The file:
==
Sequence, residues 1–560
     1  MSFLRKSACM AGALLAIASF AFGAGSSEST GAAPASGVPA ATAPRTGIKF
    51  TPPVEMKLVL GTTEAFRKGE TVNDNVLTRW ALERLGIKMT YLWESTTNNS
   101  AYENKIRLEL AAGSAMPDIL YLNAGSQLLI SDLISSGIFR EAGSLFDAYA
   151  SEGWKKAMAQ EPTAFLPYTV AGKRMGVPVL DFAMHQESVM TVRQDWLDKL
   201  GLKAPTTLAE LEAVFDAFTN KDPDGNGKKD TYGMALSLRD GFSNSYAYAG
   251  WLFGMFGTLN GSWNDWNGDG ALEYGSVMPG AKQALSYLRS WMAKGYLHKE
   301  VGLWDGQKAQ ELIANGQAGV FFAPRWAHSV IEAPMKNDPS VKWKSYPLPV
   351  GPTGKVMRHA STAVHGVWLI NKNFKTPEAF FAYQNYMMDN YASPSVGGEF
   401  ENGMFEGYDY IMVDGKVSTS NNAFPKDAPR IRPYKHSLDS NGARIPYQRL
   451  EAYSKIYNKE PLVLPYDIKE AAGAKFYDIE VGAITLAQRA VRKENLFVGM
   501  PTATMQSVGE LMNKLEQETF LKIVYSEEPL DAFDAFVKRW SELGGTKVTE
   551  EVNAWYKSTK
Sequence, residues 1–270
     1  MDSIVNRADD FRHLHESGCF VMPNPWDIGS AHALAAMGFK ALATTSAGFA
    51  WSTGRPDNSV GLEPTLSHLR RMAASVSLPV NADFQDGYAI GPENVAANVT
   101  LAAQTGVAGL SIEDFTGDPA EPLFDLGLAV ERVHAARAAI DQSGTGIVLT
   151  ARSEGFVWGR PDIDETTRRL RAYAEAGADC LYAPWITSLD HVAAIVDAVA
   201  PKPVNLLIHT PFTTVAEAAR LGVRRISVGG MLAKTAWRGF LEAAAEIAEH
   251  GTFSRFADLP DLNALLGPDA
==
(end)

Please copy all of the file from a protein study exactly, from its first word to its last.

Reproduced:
Sequence, residues 1–560
     1  MSFLRKSACM AGALLAIASF AFGAGSSEST GAAPASGVPA ATAPRTGIKF
    51  TPPVEMKLVL GTTEAFRKGE TVNDNVLTRW ALERLGIKMT YLWESTTNNS
   101  AYENKIRLEL AAGSAMPDIL YLNAGSQLLI SDLISSGIFR EAGSLFDAYA
   151  SEGWKKAMAQ EPTAFLPYTV AGKRMGVPVL DFAMHQESVM TVRQDWLDKL
   201  GLKAPTTLAE LEAVFDAFTN KDPDGNGKKD TYGMALSLRD GFSNSYAYAG
   251  WLFGMFGTLN GSWNDWNGDG ALEYGSVMPG AKQALSYLRS WMAKGYLHKE
   301  VGLWDGQKAQ ELIANGQAGV FFAPRWAHSV IEAPMKNDPS VKWKSYPLPV
   351  GPTGKVMRHA STAVHGVWLI NKNFKTPEAF FAYQNYMMDN YASPSVGGEF
   401  ENGMFEGYDY IMVDGKVSTS NNAFPKDAPR IRPYKHSLDS NGARIPYQRL
   451  EAYSKIYNKE PLVLPYDIKE AAGAKFYDIE VGAITLAQRA VRKENLFVGM
   501  PTATMQSVGE LMNKLEQETF LKIVYSEEPL DAFDAFVKRW SELGGTKVTE
   551  EVNAWYKSTK
Sequence, residues 1–270
     1  MDSIVNRADD FRHLHESGCF VMPNPWDIGS AHALAAMGFK ALATTSAGFA
    51  WSTGRPDNSV GLEPTLSHLR RMAASVSLPV NADFQDGYAI GPENVAANVT
   101  LAAQTGVAGL SIEDFTGDPA EPLFDLGLAV ERVHAARAAI DQSGTGIVLT
   151  ARSEGFVWGR PDIDETTRRL RAYAEAGADC LYAPWITSLD HVAAIVDAVA
   201  PKPVNLLIHT PFTTVAEAAR LGVRRISVGG MLAKTAWRGF LEAAAEIAEH
   251  GTFSRFADLP DLNALLGPDA